(My mum made a big show of handing me the cash, which I then handed to the cashier, along with my staff card, which she finally accepted, with a look on her face like she’d put us in our place. The following day I mentioned this to my manager, who agreed that the cashier was in the wrong. We tend not to do our grocery shop at that store anymore, and I’ve since learned that that particular store isn’t held in very high regard by many of my fellow employees.)

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A Not-So-Gifted Scam

, , , , , , | Working | June 1, 2018

(My grandparents give me a $20 gift card to a popular store for Christmas. I attempt to use the gift card a few weeks later on groceries.)

Me: *hands cashier the gift card when it’s time to pay* “I have a little gift card to use first.”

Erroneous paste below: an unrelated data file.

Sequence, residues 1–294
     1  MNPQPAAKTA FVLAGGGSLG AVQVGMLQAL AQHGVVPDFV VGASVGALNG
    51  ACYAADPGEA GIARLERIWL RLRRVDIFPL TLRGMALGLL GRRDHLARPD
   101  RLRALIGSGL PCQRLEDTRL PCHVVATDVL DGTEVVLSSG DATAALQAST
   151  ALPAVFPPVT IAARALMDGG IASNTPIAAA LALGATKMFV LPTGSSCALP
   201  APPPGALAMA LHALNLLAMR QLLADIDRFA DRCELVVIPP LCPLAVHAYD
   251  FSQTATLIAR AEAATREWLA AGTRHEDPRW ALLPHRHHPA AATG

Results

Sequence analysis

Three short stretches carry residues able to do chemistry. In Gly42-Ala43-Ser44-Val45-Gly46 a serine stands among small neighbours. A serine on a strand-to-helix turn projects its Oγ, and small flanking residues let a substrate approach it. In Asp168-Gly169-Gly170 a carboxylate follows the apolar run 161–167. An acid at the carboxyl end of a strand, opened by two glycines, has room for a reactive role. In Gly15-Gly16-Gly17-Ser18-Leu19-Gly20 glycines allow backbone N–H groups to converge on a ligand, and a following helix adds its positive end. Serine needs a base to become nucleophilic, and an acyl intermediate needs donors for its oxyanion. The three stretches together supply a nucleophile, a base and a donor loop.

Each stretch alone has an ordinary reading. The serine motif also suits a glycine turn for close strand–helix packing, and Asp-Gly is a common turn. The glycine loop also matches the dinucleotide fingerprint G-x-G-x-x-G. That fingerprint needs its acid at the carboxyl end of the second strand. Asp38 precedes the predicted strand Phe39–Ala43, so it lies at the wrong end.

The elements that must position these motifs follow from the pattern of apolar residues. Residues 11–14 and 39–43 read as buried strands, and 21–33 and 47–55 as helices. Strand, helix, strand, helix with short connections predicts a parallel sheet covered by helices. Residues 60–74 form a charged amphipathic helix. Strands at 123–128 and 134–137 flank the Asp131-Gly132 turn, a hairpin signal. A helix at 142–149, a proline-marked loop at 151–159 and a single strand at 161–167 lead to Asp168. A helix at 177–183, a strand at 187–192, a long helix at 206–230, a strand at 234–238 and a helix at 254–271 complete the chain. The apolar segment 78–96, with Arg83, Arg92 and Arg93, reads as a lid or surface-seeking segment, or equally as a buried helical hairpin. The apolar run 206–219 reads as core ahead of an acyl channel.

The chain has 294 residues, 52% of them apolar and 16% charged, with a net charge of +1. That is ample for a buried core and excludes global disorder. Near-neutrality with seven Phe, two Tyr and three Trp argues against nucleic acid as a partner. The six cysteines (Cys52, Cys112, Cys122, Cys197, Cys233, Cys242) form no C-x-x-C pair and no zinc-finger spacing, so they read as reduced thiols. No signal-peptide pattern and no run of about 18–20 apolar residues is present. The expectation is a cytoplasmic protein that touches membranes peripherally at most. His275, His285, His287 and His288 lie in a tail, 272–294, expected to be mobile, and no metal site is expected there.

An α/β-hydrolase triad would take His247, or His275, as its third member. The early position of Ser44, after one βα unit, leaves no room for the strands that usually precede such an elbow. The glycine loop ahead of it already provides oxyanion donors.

(The cashier rapidly types in numbers from the card, which I think is odd, because usually they just scan the card’s bar code. The computer gives an error.)

Cashier: “There’s nothing on the card.”

Me: “Really? It’s never been used.”

Cashier: “Yeah.” *he tosses the gift card under the register*

Me: “Oh… Okay.”

(While it seems strange, I consider that because my grandparents are elderly and forgetful, they might have accidentally given me an old gift card, so I don’t push back, and pay with a credit card. As we’re leaving, my boyfriend prods me and whispers in my ear.)

Boyfriend: “Get that card back.”

Me: *turning back to the cashier* “Excuse me? Can I have the empty card back, please?”  

(The cashier looks very inconvenienced, and shuffles through a box of old gift cards, making me almost tell him to forget it so the line doesn’t get held up.)

Boyfriend: “I think you put it under the register, bud.”